Monthly Archives: December 2011

Pay Your Programmers $200/hour

Which situation would your rather be in: risking $100,000 investment for a $200,000 return, or risking $1,000,000 investment for a $50,000,000 return? This might seem like a self-answering question, but virtually all programming hires fall into the first category.

The rebuttal from the first comment is by far more interesting that the article itself:

I will counter with this — what if I could invest 1 dollar to get a possible return of 206,000,000 … the lottery is an AWESOME INVESTMENT… wait, odds of success matter, dam

How the Boston Globe Pulled Off HTML5 Responsive Design

I think up until now it has only been used in blogs and portfolios and things like that. The pieces have been there but it just hasn’t been put together. I think it is also having a client that is that this is brave enough to say that this important for their business and makes the leap. Because it does take more time and more testing and things like that than your typical Web developer that can just throw something together.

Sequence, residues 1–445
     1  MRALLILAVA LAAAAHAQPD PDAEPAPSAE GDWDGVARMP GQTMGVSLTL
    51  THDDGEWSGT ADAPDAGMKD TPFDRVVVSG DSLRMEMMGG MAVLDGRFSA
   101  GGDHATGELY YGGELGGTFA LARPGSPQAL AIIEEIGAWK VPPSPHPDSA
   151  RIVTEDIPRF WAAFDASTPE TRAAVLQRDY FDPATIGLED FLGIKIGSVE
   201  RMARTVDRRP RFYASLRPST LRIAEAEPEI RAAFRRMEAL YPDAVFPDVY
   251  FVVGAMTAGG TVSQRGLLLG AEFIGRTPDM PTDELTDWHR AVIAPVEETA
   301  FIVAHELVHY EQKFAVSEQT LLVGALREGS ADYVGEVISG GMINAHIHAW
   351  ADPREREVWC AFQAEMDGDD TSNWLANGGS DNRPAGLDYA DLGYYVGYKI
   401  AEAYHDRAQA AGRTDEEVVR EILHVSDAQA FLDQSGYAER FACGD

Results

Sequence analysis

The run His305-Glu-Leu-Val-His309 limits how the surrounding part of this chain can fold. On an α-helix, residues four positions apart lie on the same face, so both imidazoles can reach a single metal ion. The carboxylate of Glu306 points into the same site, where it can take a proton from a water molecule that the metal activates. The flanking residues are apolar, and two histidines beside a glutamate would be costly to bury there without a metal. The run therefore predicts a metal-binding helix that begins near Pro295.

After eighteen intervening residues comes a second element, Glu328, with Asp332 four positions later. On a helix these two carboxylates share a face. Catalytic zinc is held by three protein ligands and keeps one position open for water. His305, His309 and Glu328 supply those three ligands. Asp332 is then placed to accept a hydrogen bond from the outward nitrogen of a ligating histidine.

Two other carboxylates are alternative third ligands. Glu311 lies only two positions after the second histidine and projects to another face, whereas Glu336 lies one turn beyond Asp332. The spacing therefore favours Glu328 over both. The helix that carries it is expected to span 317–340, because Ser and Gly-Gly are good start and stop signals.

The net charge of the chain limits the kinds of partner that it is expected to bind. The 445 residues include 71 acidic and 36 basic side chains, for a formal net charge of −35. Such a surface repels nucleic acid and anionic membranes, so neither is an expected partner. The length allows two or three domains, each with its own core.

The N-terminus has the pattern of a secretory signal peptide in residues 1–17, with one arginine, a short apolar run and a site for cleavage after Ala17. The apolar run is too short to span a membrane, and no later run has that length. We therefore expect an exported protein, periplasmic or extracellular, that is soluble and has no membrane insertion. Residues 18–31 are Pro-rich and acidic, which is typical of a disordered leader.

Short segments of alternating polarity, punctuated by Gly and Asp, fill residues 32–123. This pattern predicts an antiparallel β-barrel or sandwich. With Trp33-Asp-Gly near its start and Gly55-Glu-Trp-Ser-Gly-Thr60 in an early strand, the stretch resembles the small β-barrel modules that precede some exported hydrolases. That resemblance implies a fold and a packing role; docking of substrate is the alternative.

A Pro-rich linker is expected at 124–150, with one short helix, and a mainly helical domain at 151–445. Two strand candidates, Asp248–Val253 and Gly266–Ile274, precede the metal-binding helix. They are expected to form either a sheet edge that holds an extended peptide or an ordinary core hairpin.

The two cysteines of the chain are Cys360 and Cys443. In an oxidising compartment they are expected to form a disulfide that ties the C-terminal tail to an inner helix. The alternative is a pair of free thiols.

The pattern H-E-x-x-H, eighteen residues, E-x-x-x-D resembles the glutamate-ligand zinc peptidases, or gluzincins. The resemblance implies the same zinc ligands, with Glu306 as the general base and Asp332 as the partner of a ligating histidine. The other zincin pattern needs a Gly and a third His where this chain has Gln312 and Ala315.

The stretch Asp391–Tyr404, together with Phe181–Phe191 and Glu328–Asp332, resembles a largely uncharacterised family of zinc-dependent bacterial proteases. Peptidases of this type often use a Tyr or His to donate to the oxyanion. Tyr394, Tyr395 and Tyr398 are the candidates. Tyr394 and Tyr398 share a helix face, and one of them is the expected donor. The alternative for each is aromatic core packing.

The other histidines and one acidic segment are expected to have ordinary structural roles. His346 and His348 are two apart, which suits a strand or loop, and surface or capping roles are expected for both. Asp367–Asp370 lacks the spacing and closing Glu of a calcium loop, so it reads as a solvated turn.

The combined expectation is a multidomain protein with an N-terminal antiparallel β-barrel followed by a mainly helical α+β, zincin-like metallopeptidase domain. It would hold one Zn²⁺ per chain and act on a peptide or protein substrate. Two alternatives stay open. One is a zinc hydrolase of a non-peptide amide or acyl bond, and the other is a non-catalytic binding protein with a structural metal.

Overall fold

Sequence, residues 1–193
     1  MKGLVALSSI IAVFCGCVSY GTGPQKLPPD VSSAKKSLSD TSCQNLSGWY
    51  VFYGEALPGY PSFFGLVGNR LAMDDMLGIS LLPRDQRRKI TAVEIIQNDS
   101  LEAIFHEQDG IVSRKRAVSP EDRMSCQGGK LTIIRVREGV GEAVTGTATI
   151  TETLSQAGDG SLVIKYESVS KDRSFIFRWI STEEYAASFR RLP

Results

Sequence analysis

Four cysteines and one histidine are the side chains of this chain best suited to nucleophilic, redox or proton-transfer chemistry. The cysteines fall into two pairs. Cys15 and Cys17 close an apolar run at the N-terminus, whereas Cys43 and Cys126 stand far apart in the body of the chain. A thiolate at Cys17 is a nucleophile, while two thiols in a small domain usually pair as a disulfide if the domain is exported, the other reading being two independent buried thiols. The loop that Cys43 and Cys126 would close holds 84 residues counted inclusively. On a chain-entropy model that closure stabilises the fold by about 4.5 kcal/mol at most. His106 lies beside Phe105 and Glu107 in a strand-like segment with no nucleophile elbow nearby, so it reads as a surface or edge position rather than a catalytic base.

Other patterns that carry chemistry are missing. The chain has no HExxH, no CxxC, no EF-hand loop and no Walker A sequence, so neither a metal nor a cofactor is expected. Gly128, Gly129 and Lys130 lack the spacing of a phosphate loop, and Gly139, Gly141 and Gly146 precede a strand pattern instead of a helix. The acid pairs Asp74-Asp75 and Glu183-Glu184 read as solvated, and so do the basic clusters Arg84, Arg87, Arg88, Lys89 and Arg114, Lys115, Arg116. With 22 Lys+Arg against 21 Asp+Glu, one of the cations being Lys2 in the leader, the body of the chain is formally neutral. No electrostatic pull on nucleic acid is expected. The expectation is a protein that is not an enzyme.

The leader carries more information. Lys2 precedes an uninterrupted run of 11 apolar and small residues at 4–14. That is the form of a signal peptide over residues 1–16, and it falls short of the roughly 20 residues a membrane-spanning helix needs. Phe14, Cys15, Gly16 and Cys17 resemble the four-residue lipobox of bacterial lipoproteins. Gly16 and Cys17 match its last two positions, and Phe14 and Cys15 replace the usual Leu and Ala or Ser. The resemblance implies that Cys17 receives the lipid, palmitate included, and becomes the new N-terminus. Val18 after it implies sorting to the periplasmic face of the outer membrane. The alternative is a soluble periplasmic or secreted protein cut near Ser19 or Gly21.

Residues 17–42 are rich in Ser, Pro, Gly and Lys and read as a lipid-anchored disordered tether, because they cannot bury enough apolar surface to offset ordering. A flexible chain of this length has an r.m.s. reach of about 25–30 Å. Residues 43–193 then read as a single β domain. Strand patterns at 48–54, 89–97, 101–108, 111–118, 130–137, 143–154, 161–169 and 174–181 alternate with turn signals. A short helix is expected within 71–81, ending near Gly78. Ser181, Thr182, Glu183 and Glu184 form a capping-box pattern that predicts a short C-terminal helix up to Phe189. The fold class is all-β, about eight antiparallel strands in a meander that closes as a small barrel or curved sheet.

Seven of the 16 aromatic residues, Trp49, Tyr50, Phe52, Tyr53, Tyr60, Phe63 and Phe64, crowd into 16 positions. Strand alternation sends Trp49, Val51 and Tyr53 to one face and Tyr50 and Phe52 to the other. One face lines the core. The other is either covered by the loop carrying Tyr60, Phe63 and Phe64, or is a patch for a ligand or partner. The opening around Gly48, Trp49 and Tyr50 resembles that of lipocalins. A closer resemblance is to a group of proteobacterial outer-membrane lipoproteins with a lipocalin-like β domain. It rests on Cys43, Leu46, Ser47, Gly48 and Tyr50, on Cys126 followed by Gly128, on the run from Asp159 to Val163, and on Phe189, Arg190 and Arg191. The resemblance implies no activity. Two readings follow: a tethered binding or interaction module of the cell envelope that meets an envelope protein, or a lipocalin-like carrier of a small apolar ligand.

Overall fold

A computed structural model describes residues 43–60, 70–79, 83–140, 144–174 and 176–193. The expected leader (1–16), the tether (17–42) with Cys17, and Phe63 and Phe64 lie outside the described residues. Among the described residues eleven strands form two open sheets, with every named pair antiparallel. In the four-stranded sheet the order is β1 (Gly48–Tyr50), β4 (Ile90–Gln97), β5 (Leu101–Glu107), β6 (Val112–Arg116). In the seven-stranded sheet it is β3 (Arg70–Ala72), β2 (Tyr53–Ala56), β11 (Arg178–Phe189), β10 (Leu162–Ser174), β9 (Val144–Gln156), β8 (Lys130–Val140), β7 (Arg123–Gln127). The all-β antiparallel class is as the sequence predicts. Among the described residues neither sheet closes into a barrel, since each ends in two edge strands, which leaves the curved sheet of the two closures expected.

Badly edited but technically interesting interview with the people behind responsive redesign of Unfortunately, Ethan Marcotte, who invented the term “responsive design” and participated in the project too, didn’t take part in the interview.

Mindy Kaling: “Flick Chicks”

I regard romantic comedies as a subgenre of sci-fi, in which the world operates according to different rules than my regular human world. For me, there is no difference between Ripley from “Alien” and any Katherine Heigl character. They are equally implausible. They’re all participating in a similar level of fakey razzle-dazzle, and I enjoy every second of it.

The gallery of female stereotypes from romantic comedies.

Stanford Free Classes – A review from a Stanford Student